Chartbook comparing California union membership and coverage from 2001-2002 and 2021-2022. Findings show that at least half of all of California’s 2.5 million union members are women and that the majority of all union workers are people of color. By contrast, 20 years ago the typical union member in California was a white man.
Research and Policy Associate
Savannah is a research and policy associate with the low-wage work program. She recently completed her Ph.D. in sociology from UC Davis. Savannah has significant experience in labor policy research. Her policy research has focused on work and inequality, particularly in areas confronting low-wage workers and their families including irregular work scheduling, shift cuts, gig work, and health and safety. She has co-published various policy briefs on precarious working conditions, including policy briefs for the UC Davis Center for Poverty Research and the Scholars Strategy Network.
Union membership today is different than a generation ago. It’s not your grandfather’s union anymore.
Proposed health care minimum wage increase: State costs would be offset by reduced reliance on the public safety net by health workers and their families
In this brief we estimate the new costs to the state resulting from SB 525 as well as the savings it would generate through reductions in safety net program enrollment of affected workers and their family members.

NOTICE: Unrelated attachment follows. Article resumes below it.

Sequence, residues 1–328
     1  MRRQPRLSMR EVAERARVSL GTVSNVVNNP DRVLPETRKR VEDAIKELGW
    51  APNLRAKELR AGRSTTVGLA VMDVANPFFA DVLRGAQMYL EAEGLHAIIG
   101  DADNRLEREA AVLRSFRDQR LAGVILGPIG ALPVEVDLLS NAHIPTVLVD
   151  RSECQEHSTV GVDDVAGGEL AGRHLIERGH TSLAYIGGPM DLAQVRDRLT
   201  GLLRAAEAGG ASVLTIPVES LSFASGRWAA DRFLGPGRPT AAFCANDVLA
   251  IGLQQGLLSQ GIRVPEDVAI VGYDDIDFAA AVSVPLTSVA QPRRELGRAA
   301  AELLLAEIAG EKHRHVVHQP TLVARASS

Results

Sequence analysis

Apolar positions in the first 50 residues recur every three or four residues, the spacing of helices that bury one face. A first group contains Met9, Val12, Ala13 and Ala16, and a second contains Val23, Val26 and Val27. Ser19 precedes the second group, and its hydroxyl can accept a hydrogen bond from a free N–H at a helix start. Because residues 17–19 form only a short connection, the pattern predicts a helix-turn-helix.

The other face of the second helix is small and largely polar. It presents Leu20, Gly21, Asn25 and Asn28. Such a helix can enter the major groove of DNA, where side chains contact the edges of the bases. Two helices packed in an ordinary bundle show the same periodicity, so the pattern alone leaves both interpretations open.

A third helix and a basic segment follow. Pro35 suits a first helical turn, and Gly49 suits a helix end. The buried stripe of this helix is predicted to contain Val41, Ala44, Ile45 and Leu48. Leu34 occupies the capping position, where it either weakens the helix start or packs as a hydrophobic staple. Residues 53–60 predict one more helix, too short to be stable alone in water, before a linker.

This report examines the state of work in the East Bay prior to the COVID-19 pandemic. We find that even before the pandemic, when the economy was strong by conventional economic metrics and had recovered from the Great Recession, many East Bay workers were earning low wages, housing cost-burdened, and struggling to make ends meet, with workers of color in particular making wages too low to support themselves and their families.
State workers struggle to make ends meet throughout California; Women, Black, and Latino workers are disproportionately affected
The California state government has close to a quarter of a million employees, almost half of whom are women and almost two-thirds of whom are workers of color. But across occupations and throughout the state, many state workers earn well below what is needed to attain a decent standard of living in California.
Savannah Hunter and Kate O’Hara speak with host Cat Brooks on the Labor Center report “The state of working East Bay, 2015-2019.”